Manic Street Preachers/Suede Eden Sessions June 30, 2024 live review

Firstly I’ll have to start with an apology to Manic Street Preacher fans following their co-headliner with Suede at the Eden Project, writes Paul Armstrong.

To be honest, I’ve never really got the Manics, particularly since when I first heard them they were citing Guns and Roses as one of their main influences.

Manic Street Preachers workmanlike and ploddingManic Street Preachers workmanlike and plodding (Image: Ben Foster)

And I don’t really get this co-headline tour at all really. I know they are good friends but they are not two bands I would put together and, if it had just been them, I honestly wouldn’t have bothered going at all.

We were queuing for drinks when the Manics hit the stage with the familiar riff from Motorcycle Emptiness echoing around the biomes, but it didn’t make us want to rush to the stage.

Anyway, we made our way to the arena, which was already uncomfortably rammed with people, and managed the first two songs (From Despair to Where and Everything Must Go if you must ask) before they wheezed out their hoary old cover of the Mash theme Suicide is Painless. This is when we decided we’d had enough.

(Image: Ben Foster)

If we must describe what we saw, “workmanlike” and “plodding” are the words that come to mind.

To be fair though, we were absolutely in the minority, as the rest of the Eden Project was eerily empty as the gig echoed around the domes and, if the audience roars were anything to go, by they were going down a treat with everyone else.

We could hear they played all the fan favourites including You Love Us, Everything Must Go, from the album of the same name which is actually terrific!, You Stole the Sun From My Heart, A Design for Life, La tristesse durera (Scream to a Sigh) and at the end ‘If You Tolerate This’ which is a great song by the way.

The Manics performed a crowd pleasing setThe Manics performed a crowd pleasing set (Image: Ben Foster)

So a crowd pleasing set and the crowd seemed very pleased indeed judging from the response.

In contrast Suede were absolutely stunning with even James Dean Bradfield admitting to the audience that their ‘opponents’ were on spectacular form at the moment.

Launching straight into Turn Off Your Brain and Yell from last year’s terrific album Autofiction, Brett Anderson was a ball of pent-up energy throwing himself around the stage and into the audience.

Brett Anderson was a ball of pent-up energyBrett Anderson was a ball of pent-up energy (Image: Ben Foster)

Autofiction is one of the best albums of their career so far on which they sounded renewed and revitalised just like they were on stage tonight.

I last saw them at the Newport Centre in December 1994 when Brett spent the entire gig slapping his arse with a microphone and, while there’s none of that tonight apart from a bit of bottom waggling, his energy levels don’t appear have dropped much since then.

It shows the power of Autofiction that songs from that album already sound like classics and they have a lot of those, many of which they wheeled out tonight.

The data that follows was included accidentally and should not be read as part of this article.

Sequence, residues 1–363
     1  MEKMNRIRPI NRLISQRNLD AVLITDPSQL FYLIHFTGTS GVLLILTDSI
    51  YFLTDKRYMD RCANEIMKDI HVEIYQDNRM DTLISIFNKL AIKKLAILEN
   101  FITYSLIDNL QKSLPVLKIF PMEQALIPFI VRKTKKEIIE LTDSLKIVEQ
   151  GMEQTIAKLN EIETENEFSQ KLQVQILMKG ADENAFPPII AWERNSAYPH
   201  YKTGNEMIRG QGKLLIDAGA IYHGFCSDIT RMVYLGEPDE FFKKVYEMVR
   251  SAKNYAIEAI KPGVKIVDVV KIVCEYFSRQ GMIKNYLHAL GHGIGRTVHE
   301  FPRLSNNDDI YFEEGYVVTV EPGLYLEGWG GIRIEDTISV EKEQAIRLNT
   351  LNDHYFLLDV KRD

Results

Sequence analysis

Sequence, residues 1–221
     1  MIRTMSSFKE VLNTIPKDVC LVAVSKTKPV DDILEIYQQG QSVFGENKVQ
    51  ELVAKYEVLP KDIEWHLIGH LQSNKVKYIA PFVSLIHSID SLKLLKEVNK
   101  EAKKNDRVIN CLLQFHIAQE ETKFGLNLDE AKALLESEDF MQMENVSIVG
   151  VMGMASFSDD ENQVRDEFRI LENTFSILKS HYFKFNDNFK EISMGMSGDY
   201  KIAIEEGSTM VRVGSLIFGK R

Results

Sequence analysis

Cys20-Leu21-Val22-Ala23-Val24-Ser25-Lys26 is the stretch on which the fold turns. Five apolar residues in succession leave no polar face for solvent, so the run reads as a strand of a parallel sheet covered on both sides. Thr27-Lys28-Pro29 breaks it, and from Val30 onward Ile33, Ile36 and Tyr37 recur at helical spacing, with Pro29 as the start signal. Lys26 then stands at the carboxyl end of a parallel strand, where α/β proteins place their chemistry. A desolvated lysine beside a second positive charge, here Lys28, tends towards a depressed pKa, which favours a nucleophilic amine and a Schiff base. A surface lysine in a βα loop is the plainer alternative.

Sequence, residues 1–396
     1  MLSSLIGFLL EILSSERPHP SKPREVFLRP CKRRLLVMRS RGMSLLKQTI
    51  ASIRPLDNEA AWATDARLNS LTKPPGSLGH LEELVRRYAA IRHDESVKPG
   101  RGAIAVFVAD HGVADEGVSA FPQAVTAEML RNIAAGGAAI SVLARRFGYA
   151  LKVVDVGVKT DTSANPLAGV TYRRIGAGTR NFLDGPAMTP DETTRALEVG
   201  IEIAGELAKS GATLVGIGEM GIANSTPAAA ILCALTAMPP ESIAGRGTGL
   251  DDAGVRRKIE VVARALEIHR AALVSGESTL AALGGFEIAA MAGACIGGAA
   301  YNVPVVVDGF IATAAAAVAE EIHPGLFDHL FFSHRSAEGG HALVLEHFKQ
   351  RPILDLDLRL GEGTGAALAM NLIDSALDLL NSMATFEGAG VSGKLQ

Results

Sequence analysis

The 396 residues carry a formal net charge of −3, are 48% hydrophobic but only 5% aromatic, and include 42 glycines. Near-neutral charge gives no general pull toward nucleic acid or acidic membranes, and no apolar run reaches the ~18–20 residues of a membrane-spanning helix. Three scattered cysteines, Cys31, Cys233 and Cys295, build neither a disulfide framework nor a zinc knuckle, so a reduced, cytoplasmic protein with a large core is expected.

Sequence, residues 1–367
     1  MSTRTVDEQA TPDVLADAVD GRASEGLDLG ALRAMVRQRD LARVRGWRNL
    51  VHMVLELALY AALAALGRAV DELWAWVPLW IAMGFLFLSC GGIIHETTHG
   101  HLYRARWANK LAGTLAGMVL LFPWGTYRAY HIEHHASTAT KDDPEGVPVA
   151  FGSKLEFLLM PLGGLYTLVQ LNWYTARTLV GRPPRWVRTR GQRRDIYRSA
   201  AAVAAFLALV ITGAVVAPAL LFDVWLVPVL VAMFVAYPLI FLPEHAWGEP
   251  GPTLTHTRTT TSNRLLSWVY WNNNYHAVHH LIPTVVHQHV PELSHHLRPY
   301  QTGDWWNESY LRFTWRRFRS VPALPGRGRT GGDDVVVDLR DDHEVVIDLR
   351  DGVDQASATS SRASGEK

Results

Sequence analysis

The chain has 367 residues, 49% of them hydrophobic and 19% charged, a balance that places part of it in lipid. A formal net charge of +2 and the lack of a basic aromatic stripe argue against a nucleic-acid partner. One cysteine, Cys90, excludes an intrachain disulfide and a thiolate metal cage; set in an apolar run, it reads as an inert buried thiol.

Guitarist Richard Oakes replaced original guitarist Bernard Butler at the ripe old age of 17 in 1994.

Brett Anderson exhorts the crowdBrett Anderson exhorts the crowd (Image: Ben Foster)

Tonight he is on top form churning out riff after classic riff as if his life depended on it.

But the real star turn is frontman and main songwriter Brett Anderson who at 57 still seems so excited by HIS OWN band that at one stage he’s in the audience shouting ‘Come on Suede’.

Tonight it’s anthem after anthem for doomed youth, but there’s nothing more ironic than a decidedly middle aged audience singing back the chorus to So Young!

Trash is magnificent as is The Drowners and things go a bit animal with Animal Nitrate. It calms down a bit for Pantomime Horse but emotionally it’s a killer.

After a widescreen Filmstar the band unleash a newie called Anti-depressant which refers to the protagonist being trapped in “s**t stained” rooms.

It’s a metallic riff driven monster with echoes of Richard’s hero John McGeogh, former guitarist with Siouxsie and the Banshees.

However, it’s about at this point we start to notice a strange phenomenon. As we are standing just above the entrance and exit to the arena, people starting to leave.

It starts off as a trickle which gradually grows to a flood. Now I don’t know if it is Manic fans voting with their feet as, TBH, we did, or herd behaviour with people not wanting to get caught up in crowds at the end, but the arena gradually starts to empty as Suede give it their all on stage.

By the time the gig draws to a close about a quarter of the audience have gone leaving a big hole in the middle of the crowd.

However those that remain are vehement in their appreciation and are treated to rip roaring performances of So Young and Metal Mickey before the band leave us gloriously with a blistering Beautiful Ones.

Suede onstage among the biomesSuede onstage among the biomes (Image: Kathryn Nicholls)

So overall a game of two halves with the audience starting to leave as the band onstage blasted home goal after goal (do you see what I did there?). While this double header may work at other venues, it doesn’t work at Eden as it is all too easy for the audience to decide to slip away if they are indifferent to the other headliner, as was proved tonight.

Obviously the Cornish prefer meat and two veg as opposed to steak for their main course.